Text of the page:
For Montezuma County rancher Drew Gordanier, self-isolation has mostly felt like a normal early spring season. He’s sold some yearlings, but at a lower price, and will be moving cattle to the high country soon.
At this time of year, ranchers and farmers in Southwest Colorado are tucked away calving and planting. The industry had been struggling for years before the COVID-19 outbreak, and farmers and ranchers tend to be independent people.
“It’s been hurting us for a while,” Gordanier said, so COVID-19 hasn’t felt much different.
While local farmers and ranchers haven’t yet felt the effects of COVID-19, if the market continues the way it is going, a lot of them will be in more economic trouble. Cattle prices have dropped by 25%, despite the fact that prices have stayed the same or gone up in grocery stores.
Wayne Rogers with the Southwestern Colorado Livestock Association said if the economy is down in the fall, buyers “won’t want to give top dollar for cattle.”
“Things are going to skyrocket or drop dead on their feet” for cattle ranchers, Rogers said. Ranchers like Gordanier and Rogers were starting to get nervous about what lies ahead.
But recently, locals have been calling Gordanier to buy half or a piece of an animal to store in their freezer. To support local family ranchers and farmers in the area, people who can afford it are buying farm-to-consumer.
In a normal year, Gordanier sells 15 to 20 animals. Since the outbreak began, he said, “We’ve been getting calls from customers we haven’t had in a while, asking for farm-raised beef. It’s definitely on the increase.”
Taylor Szilagyi, director of policy communications at the Colorado Farm Bureau, said the organization has noticed Coloradans are interested in buying direct because they can buy more at once.
And ranchers are looking at how to ramp it up in the future to counter the general downturn in the industry. This trend could “open up different markets that the smaller guys don’t normally have access to,” Szilagyi said.
But she said she is urging producers, even if they are small, to take extra precautions. Farmers and ranchers may feel isolated if they are working in fields planting or calving, but “this pandemic is not going to pass over them,” Szilagyi said.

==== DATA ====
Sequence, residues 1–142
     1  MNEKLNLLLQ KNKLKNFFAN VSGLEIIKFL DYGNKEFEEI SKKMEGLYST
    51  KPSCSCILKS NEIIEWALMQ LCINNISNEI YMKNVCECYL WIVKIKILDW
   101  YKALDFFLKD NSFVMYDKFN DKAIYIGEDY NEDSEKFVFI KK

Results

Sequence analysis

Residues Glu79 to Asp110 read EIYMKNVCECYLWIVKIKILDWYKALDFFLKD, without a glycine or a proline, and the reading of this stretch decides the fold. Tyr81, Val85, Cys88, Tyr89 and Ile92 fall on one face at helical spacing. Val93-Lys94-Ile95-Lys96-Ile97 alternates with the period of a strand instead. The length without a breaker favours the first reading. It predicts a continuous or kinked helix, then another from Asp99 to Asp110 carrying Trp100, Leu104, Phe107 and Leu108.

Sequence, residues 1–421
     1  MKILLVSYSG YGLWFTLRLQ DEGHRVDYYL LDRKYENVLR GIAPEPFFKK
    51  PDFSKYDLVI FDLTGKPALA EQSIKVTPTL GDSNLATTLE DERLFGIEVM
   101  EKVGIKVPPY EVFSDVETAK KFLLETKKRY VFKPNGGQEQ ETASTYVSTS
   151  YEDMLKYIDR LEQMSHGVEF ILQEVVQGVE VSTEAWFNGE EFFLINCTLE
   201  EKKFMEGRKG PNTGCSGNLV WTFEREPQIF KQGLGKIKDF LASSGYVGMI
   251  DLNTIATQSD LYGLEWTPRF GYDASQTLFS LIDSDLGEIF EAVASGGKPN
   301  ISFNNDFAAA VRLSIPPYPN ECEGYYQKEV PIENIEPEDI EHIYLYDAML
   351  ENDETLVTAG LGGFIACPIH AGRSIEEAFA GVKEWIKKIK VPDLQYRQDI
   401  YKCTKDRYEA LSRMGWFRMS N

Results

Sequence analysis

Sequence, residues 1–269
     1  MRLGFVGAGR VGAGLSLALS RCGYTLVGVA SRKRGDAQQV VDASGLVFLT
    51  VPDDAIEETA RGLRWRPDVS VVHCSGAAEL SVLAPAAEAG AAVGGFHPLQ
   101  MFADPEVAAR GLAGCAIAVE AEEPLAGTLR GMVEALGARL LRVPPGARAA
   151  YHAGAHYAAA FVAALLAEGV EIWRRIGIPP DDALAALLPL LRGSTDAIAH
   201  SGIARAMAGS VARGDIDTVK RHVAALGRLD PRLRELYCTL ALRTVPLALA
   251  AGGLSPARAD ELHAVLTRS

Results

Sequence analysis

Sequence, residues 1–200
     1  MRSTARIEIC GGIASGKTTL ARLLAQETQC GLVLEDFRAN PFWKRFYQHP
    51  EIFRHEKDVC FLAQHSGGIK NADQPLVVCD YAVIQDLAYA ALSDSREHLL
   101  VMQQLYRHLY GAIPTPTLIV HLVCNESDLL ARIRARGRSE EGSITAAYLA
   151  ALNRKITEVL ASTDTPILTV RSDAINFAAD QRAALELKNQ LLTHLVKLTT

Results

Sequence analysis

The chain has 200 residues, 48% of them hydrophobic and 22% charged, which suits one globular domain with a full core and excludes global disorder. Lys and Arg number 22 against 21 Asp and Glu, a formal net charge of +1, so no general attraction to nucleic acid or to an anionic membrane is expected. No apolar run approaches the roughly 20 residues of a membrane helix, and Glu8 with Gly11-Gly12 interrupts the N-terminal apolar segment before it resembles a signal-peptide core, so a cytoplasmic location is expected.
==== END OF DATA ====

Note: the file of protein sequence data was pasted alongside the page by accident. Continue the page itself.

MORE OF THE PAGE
“The last thing we want is for small producers to get sick,” Szilagyi said in a phone interview.
Colorado Sens. Michael Bennet and Cory Gardner requested last week that the U.S. Department of Agriculture take additional steps to provide economic relief to farmers to ensure the food supply chain is stable in Colorado.
“Even before the coronavirus pandemic hit Colorado, farmers across our state have been pushed to the edge by a trade war they didn’t ask for, low commodity prices and challenges with weather and labor,” Bennet said in a statement. “COVID-19 has only added to the uncertainty and instability.”
Farmers and ranchers have been deemed an essential service during the COVID-19 outbreak to provide grocery stores with food. But Gardner told The Durango Herald in a brief phone interview that farmers and ranchers should have greater access to credit and loans, especially if there is a COVID-19 case at one of the meat processing plants.
Workers are taking social-distancing precautions. But if an outbreak were to happen, it would have a major impact on the ranchers in the state, Gardner said.
Keeping agriculture healthy is a matter of national security, Gardner said, because the U.S. relies on its farmers and ranchers for 80% of the food supply.
The Colorado Farm Bureau has created an website of health and economic resources for farmers and ranchers in the state at agisopen.com. The website also has a job board to connect farmers and ranchers who are out of work with farmers and ranchers who help.
“Maybe people will respect the local farmer and rancher a little more,” Rogers said.
“Farmers and ranchers are the people that feed America,” he said.
Emily Hayes is a graduate student at American University in Washington, D.C., and an intern for The Journal.